It was an uproar that the former international soccer star said immediately transported his “head and body” back to his native Croatia, where he was living as an eight-year-old when war broke out in what was then Yugoslavia.
So when his football club Shakhtar Donetsk was forced to leave Kyiv, the city that had been one of the team’s many temporary bases since 2014, at the start of the Russian invasion, the scenario was unfortunately all too familiar to Srna.
The former Croatian international is only 39 years old, but he has already experienced three wars in his life; first in Croatia in the early 1990s, then in 2014 in the Ukrainian Donbass – the real home of Shakhtar – and now in much of the rest of the country.
“It was not the most pleasant memory,” says Srna, the football director of Shakhtar Donetsk, about his childhood. “When I started to forget about it and enjoy life, I heard the sirens again.
“I’m strong. I want to be strong, but sometimes it’s hard because of everything, because you lost your home twice. At this point, it’s important to be positive, to be strong and to make a positive impression on everyone.”
Srna, who, along with the rest of his team, managed to escape from Ukraine the day after the start of the Russian invasion, found the strength to help those most affected by the war in Ukraine.
Shakhtar, where Srna is a club legend after 15 seasons of playing, has been homeless for nearly eight years since fighting broke out between pro-Russian separatists and Ukrainian forces in 2014.
After retiring from professional football in 2019, Srna took up the position of assistant coach at Shakhtar and later became the club’s director of football.
He is well aware that his plight and the plight of the rest of the team is nothing compared to those who fight on the front lines, and helps the club to support Ukrainian soldiers and refugees.
Shakhtar are currently in the middle of their European Global Tour for Peace, during which they will play against several clubs to raise money for those stranded at war.
“We cannot compare ourselves to the people of Ukraine,” Srna told CNN Sport correspondent Don Riddell. “But we are a football team, we are football players, and we are trying to do what we know how to do, which is to play football.
“All the income that we receive from tickets and from sponsors for these games, we send to Ukraine for children, for people who are in a very difficult situation.
“Together with our [club] President Rinat Akhmetov, who still helps the citizens of Ukraine every day in various ways, medicines and everything else, we are now like one family, and we are trying to do our best to help the citizens of Ukraine today in this difficult situation. “
Before the opening match of the tour, after losing 1-0 to the Greek giants Olympiacos, Shakhtar players wore T-shirts with the names of the places in Ukraine most affected by the Russian attacks, including Mariupol and Irpen.
Since then, Shakhtar have played against the Turkish clubs Fenerbahce and Antalyaspor and the Polish club Lechia Gdansk, and on May 1 a match against the Croatian Hajduk Split is scheduled.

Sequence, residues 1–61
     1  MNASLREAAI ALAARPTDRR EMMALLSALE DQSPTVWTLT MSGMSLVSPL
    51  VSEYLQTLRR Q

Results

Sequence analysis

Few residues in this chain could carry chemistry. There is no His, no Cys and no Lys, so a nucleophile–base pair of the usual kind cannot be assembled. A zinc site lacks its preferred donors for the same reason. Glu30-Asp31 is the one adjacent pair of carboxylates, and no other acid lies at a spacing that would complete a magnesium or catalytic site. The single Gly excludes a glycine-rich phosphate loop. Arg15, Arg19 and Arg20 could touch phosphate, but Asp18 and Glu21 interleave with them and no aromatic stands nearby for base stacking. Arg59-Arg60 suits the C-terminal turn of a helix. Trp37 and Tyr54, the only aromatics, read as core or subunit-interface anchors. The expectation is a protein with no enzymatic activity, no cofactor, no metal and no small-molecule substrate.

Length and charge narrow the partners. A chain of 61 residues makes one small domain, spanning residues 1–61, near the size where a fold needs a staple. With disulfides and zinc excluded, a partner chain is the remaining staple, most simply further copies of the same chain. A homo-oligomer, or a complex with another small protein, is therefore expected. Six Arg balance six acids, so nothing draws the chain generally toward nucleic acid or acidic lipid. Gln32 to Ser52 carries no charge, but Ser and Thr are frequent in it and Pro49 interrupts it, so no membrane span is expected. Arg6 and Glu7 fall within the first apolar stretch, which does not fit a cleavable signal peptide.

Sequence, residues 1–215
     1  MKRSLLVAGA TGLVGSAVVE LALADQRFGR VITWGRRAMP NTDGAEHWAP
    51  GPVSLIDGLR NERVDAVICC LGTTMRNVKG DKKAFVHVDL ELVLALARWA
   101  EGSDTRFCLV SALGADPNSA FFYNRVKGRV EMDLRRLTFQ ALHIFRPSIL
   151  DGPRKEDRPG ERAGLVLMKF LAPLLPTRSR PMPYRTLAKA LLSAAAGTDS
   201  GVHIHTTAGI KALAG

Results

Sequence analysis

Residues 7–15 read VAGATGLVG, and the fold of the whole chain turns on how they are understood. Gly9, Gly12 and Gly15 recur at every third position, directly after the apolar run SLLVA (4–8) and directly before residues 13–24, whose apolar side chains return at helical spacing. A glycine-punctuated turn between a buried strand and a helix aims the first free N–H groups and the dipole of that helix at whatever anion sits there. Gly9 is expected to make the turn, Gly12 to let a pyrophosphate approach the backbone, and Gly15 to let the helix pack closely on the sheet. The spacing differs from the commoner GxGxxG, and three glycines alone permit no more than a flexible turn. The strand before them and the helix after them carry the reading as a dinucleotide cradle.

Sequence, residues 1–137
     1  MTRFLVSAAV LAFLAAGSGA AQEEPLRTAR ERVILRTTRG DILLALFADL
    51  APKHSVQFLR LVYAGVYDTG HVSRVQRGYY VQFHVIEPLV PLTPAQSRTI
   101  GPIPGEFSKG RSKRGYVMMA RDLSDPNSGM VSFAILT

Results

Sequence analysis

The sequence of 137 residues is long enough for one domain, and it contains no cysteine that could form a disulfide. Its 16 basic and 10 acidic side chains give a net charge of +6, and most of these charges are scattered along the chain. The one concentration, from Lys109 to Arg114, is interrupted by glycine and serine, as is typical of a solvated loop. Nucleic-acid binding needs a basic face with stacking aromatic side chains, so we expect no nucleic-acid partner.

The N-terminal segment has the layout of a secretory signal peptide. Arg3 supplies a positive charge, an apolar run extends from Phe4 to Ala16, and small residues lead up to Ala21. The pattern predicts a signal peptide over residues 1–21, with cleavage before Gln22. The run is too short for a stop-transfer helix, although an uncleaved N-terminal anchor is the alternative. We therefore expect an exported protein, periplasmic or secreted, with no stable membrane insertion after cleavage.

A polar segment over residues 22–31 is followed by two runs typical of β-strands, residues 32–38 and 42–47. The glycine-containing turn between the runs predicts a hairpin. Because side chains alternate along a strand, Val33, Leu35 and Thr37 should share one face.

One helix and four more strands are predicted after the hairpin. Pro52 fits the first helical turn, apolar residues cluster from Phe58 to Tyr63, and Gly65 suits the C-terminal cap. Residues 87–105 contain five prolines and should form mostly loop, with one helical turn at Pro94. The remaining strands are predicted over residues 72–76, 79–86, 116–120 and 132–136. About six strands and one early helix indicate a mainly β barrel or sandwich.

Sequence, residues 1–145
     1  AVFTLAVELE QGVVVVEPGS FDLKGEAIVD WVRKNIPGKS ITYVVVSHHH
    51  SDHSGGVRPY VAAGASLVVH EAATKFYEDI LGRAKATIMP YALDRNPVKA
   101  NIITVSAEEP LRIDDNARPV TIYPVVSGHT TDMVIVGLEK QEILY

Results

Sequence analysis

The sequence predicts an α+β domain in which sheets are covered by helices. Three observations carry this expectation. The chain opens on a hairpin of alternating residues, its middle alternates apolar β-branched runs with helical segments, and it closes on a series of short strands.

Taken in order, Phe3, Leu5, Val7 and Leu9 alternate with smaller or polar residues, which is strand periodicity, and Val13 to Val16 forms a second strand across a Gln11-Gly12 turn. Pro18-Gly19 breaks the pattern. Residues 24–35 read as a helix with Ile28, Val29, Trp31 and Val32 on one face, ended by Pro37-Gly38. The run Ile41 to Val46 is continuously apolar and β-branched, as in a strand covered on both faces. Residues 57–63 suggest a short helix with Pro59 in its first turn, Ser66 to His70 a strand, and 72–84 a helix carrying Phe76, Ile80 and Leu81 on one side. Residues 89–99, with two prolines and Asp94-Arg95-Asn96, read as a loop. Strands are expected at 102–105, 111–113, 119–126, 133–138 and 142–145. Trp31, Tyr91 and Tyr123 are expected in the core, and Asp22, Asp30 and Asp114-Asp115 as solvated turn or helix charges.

Earlier this month, against Gdansk, there was a particularly touching moment when Dmytro Keda, a 12-year-old Ukrainian refugee, came on as a last-minute substitute and scored the winning goal.
Keda, who fled his hometown of Mariupol in Ukraine after spending three weeks in hiding as Russian troops bombed the city, was surrounded by players from both teams and was lifted into the air in celebration.
Shakhtar head coach Roberto De Zerbi explained after the match that the decision to let Keda go on the field and score a goal was “spontaneous”.
So far, Shakhtar are reporting that the tour has raised 8.2 million Ukrainian hryvnias ($271,000), with about a quarter of that already transferred to the Akhmetov Foundation in Ukraine.
“When I asked the Ukrainian players: “Are you ready to play, for example, every second game, every third?” Srna recalls. “The more games [we play]the more money for Ukrainians.”
“They answered me: “Dario, we are Ukrainians. We can do everything”. And for me it was a moment that I will never forget.
“But this is the Ukrainian people. I arrived 19 years ago and they accepted me as part of their family from day one and my family and I will never forget that. I lived more in Ukraine than in Croatia. home. Today I am Ukrainian and everything that we can do for them in these difficult times, we will do. Trust me.
“I am proud that I lived there, that I played there, that I met them, because they are people with a huge heart, always positive. They didn’t attack anyone. heroes today. I am so proud of them and myself personally, I will be with them until the end.
Srna explains that the war was especially difficult for the younger members of Shaktar’s band.
Among them is the former captain of the Mariupol club, who was invited to play with the team on their tour after he “lost everything” during the ongoing Russian bombing of the city.
“Firstly, it’s good that they are young,” says Srna. “They have a long career ahead of them and that can only make them stronger. I will say one thing: the most beautiful period for Croatia was 10 or 15 years after the war.
“I believe that Ukraine will be united to the end, and after the war we will be together. Let’s drink together, smile together, cry together. At that moment, the most important thing will be peace.”
The 2021/22 Ukrainian Premier League season was suspended on Tuesday due to the ongoing war. Shakhtar Donetsk and Dynamo Kyiv finished first and second on February 24 and thus qualify for next season’s Champions League.